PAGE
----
Ciliated and mucous-producing cells of the respiratory tract
  58. Flu:  Immunity
    • Mucosal IgA- protects airways against infxn
    • Serum IgG- Titer >40 HAI are considered to be protective
    • Influenza virus-specific CTL- resolves ongoing infxn
  59. De novo anti-influenza response is ineffective in very young and very old
    • Neonates- Maternal IgG provides some protection (don't get IgA)
    • Very old due to poor Th response
  60. Influenza:  Diagnosis
    Point of Care Tests (ZstateFlu)
  61. Where did Swine Flu come from?
    HA most closely related to viruses circulating in North American Swine since 1940s (probably related to Spanish Flu)
  62. Older pts. and swine flu fulnerability
    • Older patients have protective cross-reacting antibodies
    • Presumably due to prior exposure to antigenically related seasonal strains
  63. Patients at risk of have severe disease of complications due to flu
    • Children
    • Elderly
    • Immunocompromised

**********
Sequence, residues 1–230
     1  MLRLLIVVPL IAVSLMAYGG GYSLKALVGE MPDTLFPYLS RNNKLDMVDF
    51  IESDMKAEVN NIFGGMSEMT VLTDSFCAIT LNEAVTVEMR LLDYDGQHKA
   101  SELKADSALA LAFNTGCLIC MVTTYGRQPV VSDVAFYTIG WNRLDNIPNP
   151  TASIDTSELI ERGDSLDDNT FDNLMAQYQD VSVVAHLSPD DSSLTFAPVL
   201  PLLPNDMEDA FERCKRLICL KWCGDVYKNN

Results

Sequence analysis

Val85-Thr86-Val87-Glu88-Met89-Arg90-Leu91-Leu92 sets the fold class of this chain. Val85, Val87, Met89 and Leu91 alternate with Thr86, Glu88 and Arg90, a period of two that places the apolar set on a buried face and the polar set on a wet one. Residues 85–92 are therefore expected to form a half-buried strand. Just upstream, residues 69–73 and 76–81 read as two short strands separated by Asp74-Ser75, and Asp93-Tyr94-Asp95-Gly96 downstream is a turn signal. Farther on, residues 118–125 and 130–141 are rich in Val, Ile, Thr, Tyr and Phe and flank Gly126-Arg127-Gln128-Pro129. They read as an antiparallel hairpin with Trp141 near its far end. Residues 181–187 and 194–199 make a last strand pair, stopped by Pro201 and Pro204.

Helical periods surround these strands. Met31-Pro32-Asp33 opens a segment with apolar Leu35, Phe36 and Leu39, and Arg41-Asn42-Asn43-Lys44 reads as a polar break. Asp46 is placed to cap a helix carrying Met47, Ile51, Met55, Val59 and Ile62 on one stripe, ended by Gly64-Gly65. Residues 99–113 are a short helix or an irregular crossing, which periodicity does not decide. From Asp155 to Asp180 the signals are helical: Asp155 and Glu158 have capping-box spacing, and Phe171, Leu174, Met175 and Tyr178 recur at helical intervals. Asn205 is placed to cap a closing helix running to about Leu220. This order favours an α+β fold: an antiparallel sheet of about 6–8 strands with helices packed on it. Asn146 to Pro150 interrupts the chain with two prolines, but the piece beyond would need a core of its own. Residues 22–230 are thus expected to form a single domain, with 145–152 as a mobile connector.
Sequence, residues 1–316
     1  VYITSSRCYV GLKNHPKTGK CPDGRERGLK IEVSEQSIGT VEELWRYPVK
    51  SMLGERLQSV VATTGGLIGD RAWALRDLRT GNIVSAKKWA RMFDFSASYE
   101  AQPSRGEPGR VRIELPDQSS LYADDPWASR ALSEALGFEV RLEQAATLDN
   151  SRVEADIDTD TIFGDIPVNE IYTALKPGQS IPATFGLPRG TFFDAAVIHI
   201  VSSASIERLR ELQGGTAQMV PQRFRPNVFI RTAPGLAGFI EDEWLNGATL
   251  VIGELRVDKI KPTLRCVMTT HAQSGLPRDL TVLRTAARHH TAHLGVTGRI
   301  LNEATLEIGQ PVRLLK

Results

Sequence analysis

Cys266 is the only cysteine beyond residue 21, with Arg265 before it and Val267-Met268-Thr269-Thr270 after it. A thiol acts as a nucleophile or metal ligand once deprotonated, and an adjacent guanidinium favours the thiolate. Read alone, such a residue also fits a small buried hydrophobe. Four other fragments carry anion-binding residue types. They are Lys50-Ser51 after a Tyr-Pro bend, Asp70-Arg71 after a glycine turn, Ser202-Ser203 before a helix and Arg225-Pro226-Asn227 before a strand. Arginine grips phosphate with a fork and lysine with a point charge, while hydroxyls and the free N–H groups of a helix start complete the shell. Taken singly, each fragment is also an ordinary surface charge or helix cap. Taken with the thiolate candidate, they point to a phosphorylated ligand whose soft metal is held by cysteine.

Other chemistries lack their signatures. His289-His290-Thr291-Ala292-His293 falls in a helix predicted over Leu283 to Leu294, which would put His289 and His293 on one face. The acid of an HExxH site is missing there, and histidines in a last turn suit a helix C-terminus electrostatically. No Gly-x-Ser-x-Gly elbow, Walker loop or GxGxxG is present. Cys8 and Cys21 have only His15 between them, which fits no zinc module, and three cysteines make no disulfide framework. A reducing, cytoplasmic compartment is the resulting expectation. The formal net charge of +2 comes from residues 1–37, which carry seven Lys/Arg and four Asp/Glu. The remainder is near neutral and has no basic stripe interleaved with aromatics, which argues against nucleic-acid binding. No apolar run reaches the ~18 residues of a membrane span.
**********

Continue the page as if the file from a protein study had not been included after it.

• Patients with lung disease
    • Obese
  64. Influenza:  Tx of low-risk patient
    • Supportive care
    • Antiviral drugs where likely to be efficacious
  65. Only work on influenza A
    • Amantadine and Rimantadine
    • (Also have potential for use in Parkinson's disease)
  66. NA inhibitors that block the release of viruses from infected cells
    • Relenza (Zanamivir)- inhalation device
    • Tamiflu (Oseltamivir)- capsule
  67. NA inhibitors must be given within
    48 hours of onset (has been used prophylactically)

    • *More expensive than Amantadine
    • Shorten the duration of illness by 1.5 days
  68. Effective against both influenza virus A and virus B
    Relenza, Tamiflu
  69. New option for flu tx